The Gremlin: You don’t know that. Anything could happen. Never say never. If you let your certification go and then you come on hard times and decide to practice medicine again, you’ll have to go back to Dallas and take your oral boards again. Don’t be a fool. Pay the money. Take the yearly test. Do it just in case…

Inner Pilot Light: Just in case of what, Gremlin? Don’t listen, Lissa. “Just in case” is simply the voice of fear masquerading as protection.

The Gremlin: But what will people think? It sounds so good to call yourself a “board-certified OB/GYN.” Don’t you want the status?

Inner Pilot Light: Now you’re just grasping, Gremlin. Lissa doesn’t need some status symbol to prove to herself that she’s valuable, right Lissa? She has me, and I tell her she’s valuable all the time…

The Gremlin: But you worked so hard for it! You paid so much money to earn it! You gave up fourteen years of your life to study for it!  You sacrificed your marriages, your health, your sanity, and your LIFE to earn that piece of paper, goddammit! Keep the freakin’ board certification, Lissa. I beg of you! Do it in case Oprah calls. Do it so you can say “board-certified” on your book covers. Make up some reason if you want but, for the love of God, don’t let your board certification go!

Inner Pilot Light: Now settle down, Gremlin. Plug your ears, Lissa. The Gremlin is just scared. And I’m not. Go ahead and let it go, sweetheart. You’re safe. All is on track. You don’t need that piece of paper anymore. Thank it. It got you far. Honor it. You worked hard for it. Kiss it, for all the lessons it offered you. Now burn it. It’s time to let go and move on. Remember, the caterpillar dissolves completely before becoming a butterfly…It’s time to fly, darling. Let it go. To be what you must, you must give up what you are.

Nobody Was Neutral

When I announced on Facebook and Twitter that I was thinking of letting my board certification lapse, there was a mass outcry of polarizing opinions. Some, including many of my oldest friends, were fully in the “What the f*ck are you thinking?” camp. Many of those people watched me suffer so hard to earn that board certification. Others cheered me on for being willing to release what no longer serves me. What surprised me most was how passionately people felt about this. I got emails from people begging me to go back to clinical practice. I got other emails telling me I was such an inspiration and they were finally going to let their [bar membership/ board certification/ licensure/ teaching certificate/ insert whatever you’re keeping up “just in case”] expire. Nobody seemed neutral. At all. And it’s MY board certification we’re talking about. Why does everyone care so much whether I’m a board certified OB/GYN or not?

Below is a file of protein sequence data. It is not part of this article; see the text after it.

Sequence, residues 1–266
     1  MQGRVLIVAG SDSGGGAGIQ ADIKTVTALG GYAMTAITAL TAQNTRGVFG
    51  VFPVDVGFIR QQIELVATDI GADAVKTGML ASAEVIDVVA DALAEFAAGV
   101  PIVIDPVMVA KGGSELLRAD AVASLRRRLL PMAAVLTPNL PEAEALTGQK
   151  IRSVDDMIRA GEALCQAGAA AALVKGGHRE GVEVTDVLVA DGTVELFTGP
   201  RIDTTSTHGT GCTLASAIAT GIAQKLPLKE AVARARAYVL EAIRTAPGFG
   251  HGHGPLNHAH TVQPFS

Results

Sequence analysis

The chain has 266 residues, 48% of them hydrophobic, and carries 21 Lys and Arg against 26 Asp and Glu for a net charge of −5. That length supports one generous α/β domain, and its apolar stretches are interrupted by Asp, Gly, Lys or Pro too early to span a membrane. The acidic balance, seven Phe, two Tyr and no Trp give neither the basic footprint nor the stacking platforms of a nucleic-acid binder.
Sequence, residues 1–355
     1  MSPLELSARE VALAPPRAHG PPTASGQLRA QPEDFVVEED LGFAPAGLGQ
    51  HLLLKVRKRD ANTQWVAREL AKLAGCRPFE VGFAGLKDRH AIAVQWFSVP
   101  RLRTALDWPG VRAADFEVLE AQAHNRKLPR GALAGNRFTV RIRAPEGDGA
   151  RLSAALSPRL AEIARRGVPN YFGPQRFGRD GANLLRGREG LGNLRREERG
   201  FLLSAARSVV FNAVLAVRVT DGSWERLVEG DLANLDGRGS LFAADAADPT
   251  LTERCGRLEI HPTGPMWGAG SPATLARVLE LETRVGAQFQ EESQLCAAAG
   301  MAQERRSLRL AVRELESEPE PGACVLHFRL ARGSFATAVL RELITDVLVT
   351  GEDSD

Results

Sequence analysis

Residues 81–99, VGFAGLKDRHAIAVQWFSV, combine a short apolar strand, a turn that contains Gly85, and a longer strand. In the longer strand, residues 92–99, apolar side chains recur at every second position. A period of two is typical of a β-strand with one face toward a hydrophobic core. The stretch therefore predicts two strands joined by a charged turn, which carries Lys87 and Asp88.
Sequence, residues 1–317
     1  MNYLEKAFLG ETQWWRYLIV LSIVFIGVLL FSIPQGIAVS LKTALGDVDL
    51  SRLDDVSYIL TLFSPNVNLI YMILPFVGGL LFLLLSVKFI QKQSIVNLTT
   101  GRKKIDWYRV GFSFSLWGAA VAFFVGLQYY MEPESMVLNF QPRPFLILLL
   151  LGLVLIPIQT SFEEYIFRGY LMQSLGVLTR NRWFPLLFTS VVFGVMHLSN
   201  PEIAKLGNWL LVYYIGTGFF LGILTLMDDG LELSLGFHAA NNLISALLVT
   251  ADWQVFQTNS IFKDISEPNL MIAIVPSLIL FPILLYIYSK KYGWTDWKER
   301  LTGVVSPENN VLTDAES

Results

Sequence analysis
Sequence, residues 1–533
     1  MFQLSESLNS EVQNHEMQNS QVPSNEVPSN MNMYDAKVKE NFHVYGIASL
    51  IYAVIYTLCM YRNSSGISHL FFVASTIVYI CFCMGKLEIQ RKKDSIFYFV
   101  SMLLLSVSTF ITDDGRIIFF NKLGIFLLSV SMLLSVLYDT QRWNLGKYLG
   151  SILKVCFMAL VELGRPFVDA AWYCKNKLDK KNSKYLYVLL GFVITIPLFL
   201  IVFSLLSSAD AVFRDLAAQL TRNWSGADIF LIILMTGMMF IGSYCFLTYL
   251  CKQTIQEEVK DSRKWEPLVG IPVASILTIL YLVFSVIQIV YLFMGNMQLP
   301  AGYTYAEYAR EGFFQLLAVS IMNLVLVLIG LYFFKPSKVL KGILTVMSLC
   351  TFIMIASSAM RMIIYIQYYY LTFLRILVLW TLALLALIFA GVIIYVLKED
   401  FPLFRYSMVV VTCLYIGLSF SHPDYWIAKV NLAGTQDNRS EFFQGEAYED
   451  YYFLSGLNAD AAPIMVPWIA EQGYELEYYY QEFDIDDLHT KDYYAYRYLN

It’s All Projection!

That’s when I remembered that IT’S ALL PROJECTION. They don’t really care whether I’m board certified or not. But if I’m willing to let go what no longer serves me, if I’m willing to stop forking over a boatload of money and forcing myself to endure the grueling yearly chore of reading 100 journal articles and sitting for an all day open-book recertification exam when I know that the only reason I’m doing it is because I’m AFRAID to let it go, then they’ll have to face up to the fact that many of them are holding onto things they’re long overdue to release because they’re afraid too…